Interview by Barry Egan
Liam O’Maonlai holds his hands like a wild-coiffured Buddhist monk doing benediction.
Then, lost in a spiritual reverie of some description, he starts the notes to The Stranglers’ Skin Deep on the grand piano for the Windmill Lane Sessions.
There is no philosophy. That is the number one philosophy behind it
The track with new project Ré — a veritable super-group of traditional musicianship (Maitiu O'Casaide on pipes, Cormac Begley on concertina, Eithne Ni Chathain on fiddle and Peter O’Toole on bouzouki) — echoes around the studios in Ringsend like some sort of spellbinding trad-music mediation.
I have deliberately avoided describing it as traditional Irish music because, rather, the music of Ré transcends borders of countries, and of minds, and who knows — even souls?
You can see why Ré are currently on a tour of churches of Ireland, called Tunes In The Church. They are playing, among many other dates on this 17-date sonic surge: St Brendan’s Church, Bantry, tonight, going on to St Mary’s Church in Kenmare Place tomorrow, to the John the Baptist Church on Valentia Island on Tuesday — right the way through to the Unitarian Church in Dublin on May 9 and the First Presbyterian Church, Belfast on May 15.
“It is people’s music,” says Liam of Ré’s music without borders. “Folk music, traditional music, is music that is generated by people to sustain the people somehow.
“It is music that is not necessarily played on stage — more often than not, it is played in the kitchen or at the crossroads.”
Liam is on a roll now.
“It is played to provide something so that the people can dance,” he continues. “So that the people can re-imagine where they are at. We’ve come through incredible hardship in this country and our music probably sustains some kind of sanity in our conscientiousness.
“I think that is worthy of mediation, and worth of conceptualising. I think that is worthy of paying attention to — you know, the need for music.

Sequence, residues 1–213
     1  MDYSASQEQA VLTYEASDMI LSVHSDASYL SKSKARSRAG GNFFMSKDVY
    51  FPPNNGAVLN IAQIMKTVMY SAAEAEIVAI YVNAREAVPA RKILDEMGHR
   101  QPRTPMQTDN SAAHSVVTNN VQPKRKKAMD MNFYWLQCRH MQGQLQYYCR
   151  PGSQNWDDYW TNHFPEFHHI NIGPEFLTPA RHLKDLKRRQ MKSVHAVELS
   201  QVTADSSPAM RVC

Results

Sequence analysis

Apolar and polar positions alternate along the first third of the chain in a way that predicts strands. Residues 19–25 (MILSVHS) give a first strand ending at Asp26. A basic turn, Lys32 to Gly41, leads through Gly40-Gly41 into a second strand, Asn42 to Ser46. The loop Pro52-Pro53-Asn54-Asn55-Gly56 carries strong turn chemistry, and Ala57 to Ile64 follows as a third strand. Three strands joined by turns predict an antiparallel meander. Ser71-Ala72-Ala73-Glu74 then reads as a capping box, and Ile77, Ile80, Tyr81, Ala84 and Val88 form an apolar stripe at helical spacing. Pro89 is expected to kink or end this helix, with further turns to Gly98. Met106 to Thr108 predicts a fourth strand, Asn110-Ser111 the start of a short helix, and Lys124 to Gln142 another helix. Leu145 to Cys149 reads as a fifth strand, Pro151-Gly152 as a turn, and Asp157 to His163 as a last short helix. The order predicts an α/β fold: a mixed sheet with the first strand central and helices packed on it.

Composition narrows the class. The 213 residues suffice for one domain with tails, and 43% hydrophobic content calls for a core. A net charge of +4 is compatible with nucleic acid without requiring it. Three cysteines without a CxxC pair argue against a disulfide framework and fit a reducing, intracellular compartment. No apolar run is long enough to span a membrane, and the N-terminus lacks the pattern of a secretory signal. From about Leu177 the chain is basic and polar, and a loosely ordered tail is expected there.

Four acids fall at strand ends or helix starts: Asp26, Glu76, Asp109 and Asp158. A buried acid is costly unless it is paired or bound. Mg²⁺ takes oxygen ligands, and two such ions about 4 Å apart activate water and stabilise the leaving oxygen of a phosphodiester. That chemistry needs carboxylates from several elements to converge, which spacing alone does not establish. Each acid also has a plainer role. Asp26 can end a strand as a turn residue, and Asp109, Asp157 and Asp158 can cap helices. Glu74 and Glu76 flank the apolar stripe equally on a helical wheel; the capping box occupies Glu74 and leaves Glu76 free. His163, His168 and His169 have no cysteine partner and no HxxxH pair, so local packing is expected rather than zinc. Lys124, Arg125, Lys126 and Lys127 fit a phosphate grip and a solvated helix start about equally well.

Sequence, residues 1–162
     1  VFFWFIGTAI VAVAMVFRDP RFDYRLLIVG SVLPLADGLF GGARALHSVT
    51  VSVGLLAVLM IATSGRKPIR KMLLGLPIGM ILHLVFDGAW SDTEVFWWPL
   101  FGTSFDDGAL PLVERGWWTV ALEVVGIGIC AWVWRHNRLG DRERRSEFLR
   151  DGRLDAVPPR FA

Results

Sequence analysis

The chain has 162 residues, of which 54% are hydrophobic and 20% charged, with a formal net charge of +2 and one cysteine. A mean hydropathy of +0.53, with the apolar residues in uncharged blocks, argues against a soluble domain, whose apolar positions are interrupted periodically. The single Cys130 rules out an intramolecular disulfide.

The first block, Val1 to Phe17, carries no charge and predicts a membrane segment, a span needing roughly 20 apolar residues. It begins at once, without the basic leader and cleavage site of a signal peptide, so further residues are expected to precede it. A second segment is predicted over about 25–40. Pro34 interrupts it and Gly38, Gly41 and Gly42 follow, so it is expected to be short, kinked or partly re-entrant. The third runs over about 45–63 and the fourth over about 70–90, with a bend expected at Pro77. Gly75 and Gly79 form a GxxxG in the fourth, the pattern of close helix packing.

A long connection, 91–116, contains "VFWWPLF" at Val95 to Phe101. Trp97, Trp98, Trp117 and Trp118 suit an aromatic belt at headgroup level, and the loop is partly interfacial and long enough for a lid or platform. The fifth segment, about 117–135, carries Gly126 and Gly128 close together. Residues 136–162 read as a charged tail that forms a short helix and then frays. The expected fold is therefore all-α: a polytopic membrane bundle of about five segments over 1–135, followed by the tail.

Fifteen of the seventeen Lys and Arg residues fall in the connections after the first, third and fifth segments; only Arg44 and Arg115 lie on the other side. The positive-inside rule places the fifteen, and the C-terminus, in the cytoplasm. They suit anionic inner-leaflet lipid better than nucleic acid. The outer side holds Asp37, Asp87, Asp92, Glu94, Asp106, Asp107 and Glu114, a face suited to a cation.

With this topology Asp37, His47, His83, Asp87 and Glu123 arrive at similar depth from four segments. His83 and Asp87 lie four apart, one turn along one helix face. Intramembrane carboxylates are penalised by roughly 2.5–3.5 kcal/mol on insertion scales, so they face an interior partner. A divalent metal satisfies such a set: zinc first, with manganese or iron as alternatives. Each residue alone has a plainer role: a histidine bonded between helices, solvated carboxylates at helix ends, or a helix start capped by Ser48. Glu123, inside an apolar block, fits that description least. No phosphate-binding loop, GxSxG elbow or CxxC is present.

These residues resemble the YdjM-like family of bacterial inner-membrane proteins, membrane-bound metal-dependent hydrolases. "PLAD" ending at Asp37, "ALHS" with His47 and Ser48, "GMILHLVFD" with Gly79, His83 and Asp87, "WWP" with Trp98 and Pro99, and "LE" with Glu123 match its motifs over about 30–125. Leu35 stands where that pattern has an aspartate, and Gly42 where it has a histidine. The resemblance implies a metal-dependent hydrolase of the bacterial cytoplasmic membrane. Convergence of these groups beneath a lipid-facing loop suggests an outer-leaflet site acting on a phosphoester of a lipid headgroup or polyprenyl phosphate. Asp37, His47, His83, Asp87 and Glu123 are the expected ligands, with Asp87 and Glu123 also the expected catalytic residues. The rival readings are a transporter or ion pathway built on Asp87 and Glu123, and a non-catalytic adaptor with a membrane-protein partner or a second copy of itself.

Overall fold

“Traditional music is soul-food,” says Liam adding that Ré is pronounced ‘ray’ and means ‘moon’ or ‘era’ in Irish.
“Traditional music that is played by two, or by three, or by four musicians, for our nourishment. We need it.
“It is our Irish music but it is recognised because it is a people’s music. I think it relates to our DNA. When I hear traditional music from anywhere else, I feel it, and I relate to it because I am educated in this music. It is profound. It really is.”
Eithne Ni Chathain joins in the fray.
“It feels very instinctive,” she adds. “We have such a broad range, such a deep well of tunes and songs to draw from. A song is never the same twice. It is a different moment. And every show with us is different too.”
Asked about the philosophy behind Ré, Liam says without hesitation: “There is no philosophy. That is the number one philosophy behind it.
“The story of Ré is that we came together to be part of a theatre production called Rian. I know all these guys individually, and I called them up to see if we could come together to make some music together — and we did,” he adds.
“We have been around the world. We were playing with dancers. We called the show Rian, then we decided, we should make a record.
“Ré is musicians who love traditional music, basically. Cormac, Maitiu and Eithne are constantly playing. They just play and play, all the time, day and night. They are soloists. They are the best in their field individually.
“Then there’s myself and Peter,” he says of his fellow traveller in Hothouse Flowers, “who are old rock ‘n’ rollers, who also met under a strong traditional influence...”
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